Fab Four Find Flaws

Posted 11th September 2020 by Dave Cross
Public Health England’s Martin Dockrell hailed a new study by “The Fantastic Four” of tobacco and nicotine research. The team looked at claims surrounding a so-called teen epidemic of vaping in the United States. They analysed the National Youth Tobacco Survey to see if it could reveal the true picture of who is vaping and what this means.

Dockrell marvelled at their work: “Epidemic of youth nicotine addiction? It turns out that the U.K. isn't like the U.S., the U.S. is like the U.K. Regular vaping is rare in kids who didn't already smoke. Thanks to the Fantastic Four of tobacco and nicotine research.”

The University College London quartet:

  • Robert West (Mister Fantastic)
  • Sarah Jackson (Invisible Woman)
  • Jamie Brown (Thing)
  • Martin Jarvis (Human Torch)

In response to the National Youth Tobacco Survey 2017, the Food and Drug Administration put out a press statement quoting HHS Secretary Alex Azar: “America faces an epidemic of youth e-cigarette use, which threatens to engulf a new generation in nicotine addiction.”

Then FDA Commissioner Scott Gottlieb added: “The data from this nationally representative survey…. show astonishing increases in kids’ use of e-cigarettes and other ENDS, reversing years of favourable trends in our nation’s fight to prevent youth addiction to tobacco products. These data shock my conscience.”

The survey heralded America’s new war on vaping and tobacco harm reduction, although anti-vape press releases containing the word “epidemic” had been circulating for a number of months prior.

Vape Club

By contrast, “in the UK, use of e-cigarettes by adolescents has not attracted such concern or policy intervention. Commentators have noted that e-cigarette use is strongly associated with cigarette smoking in young people and is very rare amongst never smokers,” write our superheroes.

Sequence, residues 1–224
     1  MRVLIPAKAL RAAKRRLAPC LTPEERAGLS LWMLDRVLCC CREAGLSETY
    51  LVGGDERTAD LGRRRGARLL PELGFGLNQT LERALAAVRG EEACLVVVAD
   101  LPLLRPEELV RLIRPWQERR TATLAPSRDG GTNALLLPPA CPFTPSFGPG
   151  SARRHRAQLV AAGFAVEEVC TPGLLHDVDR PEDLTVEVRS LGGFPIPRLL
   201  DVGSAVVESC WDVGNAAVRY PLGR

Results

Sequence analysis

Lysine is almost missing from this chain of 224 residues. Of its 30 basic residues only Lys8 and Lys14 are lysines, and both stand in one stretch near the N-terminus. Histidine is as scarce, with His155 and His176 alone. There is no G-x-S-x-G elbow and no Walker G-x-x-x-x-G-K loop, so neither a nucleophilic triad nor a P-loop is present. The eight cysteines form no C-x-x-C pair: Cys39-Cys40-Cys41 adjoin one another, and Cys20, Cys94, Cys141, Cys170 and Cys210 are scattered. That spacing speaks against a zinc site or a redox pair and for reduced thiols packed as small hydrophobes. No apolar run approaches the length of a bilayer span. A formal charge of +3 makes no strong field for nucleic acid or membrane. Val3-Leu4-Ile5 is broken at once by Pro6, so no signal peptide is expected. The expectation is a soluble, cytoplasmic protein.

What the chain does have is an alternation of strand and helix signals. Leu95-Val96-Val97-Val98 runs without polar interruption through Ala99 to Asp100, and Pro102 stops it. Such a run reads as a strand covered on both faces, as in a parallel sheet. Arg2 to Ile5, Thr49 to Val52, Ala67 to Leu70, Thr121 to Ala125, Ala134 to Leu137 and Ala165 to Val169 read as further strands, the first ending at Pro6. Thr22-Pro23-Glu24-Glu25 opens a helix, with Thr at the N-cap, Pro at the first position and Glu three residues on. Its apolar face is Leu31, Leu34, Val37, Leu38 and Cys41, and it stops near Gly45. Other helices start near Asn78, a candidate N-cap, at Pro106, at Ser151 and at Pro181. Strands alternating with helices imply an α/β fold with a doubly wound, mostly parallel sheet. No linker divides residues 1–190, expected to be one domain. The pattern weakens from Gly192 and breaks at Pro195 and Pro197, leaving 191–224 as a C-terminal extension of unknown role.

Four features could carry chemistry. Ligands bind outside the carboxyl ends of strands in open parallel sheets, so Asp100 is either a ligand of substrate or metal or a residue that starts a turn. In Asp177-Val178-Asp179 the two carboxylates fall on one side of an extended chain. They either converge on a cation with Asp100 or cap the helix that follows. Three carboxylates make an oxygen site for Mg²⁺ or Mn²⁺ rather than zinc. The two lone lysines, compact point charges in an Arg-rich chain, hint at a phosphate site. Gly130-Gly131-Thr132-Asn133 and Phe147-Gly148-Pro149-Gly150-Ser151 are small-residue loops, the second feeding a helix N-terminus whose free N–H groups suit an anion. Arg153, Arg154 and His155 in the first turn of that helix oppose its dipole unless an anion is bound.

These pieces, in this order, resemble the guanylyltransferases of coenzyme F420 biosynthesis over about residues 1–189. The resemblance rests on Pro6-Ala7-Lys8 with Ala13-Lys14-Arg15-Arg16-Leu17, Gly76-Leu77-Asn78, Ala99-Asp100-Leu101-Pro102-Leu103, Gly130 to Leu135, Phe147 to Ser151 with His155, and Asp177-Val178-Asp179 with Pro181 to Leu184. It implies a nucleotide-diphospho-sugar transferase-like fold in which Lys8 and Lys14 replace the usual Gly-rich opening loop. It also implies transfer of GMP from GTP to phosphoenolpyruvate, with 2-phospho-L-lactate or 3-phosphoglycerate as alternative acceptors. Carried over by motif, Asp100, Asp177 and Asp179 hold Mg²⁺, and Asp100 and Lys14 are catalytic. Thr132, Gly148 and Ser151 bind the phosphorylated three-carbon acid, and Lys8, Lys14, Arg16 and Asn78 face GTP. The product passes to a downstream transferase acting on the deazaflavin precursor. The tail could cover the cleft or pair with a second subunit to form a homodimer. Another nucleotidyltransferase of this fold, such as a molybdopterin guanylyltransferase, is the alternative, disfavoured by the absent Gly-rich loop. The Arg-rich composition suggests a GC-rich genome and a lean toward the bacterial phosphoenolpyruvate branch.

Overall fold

Our analysis of data from the NYTS confirms the headline reports of a large increase in past-30-day use of e-cigarettes from 2017 to 2019. However, there was a strong association between lifetime history of use of tobacco products and use of e-cigarettes: in 2019, high school students who had smoked more than 100 cigarettes in their lifetime were some 18 times more likely to have used e-cigarettes in the past 30 days than students who had only ever used e-cigarettes and never other tobacco products. In 2018, use of e-cigarettes on 20 or more days in the past month was seen in only 1.0% of those who were otherwise tobacco naive and in 2019 the figure was only 2.1%.”

While it may well be the case that in some individual instances initial trying of an e-cigarette led on to trying and using cigarettes, the data strongly suggest that this is not the dominant pattern observed at the level of the whole population.”

We found little evidence of substantial nicotine addiction attributable to the use of e-cigarettes.”

Will this paper reverse years of attacks on tobacco harm reduction? Highly unlikely. For America, as Victor Domashev said in one of the FF films: “There is no victor, only Doom!”

Sacowin

Related:

  • Epidemic of youth nicotine addiction? What does the National Youth Tobacco Survey 2017-2019 reveal about high school e-cigarette use in the USA?” by West, Jackson, Brown and Jarvis – [link]


 Dave Cross
Article by Dave Cross
Freelance writer, physicist, karateka, dog walker
IVG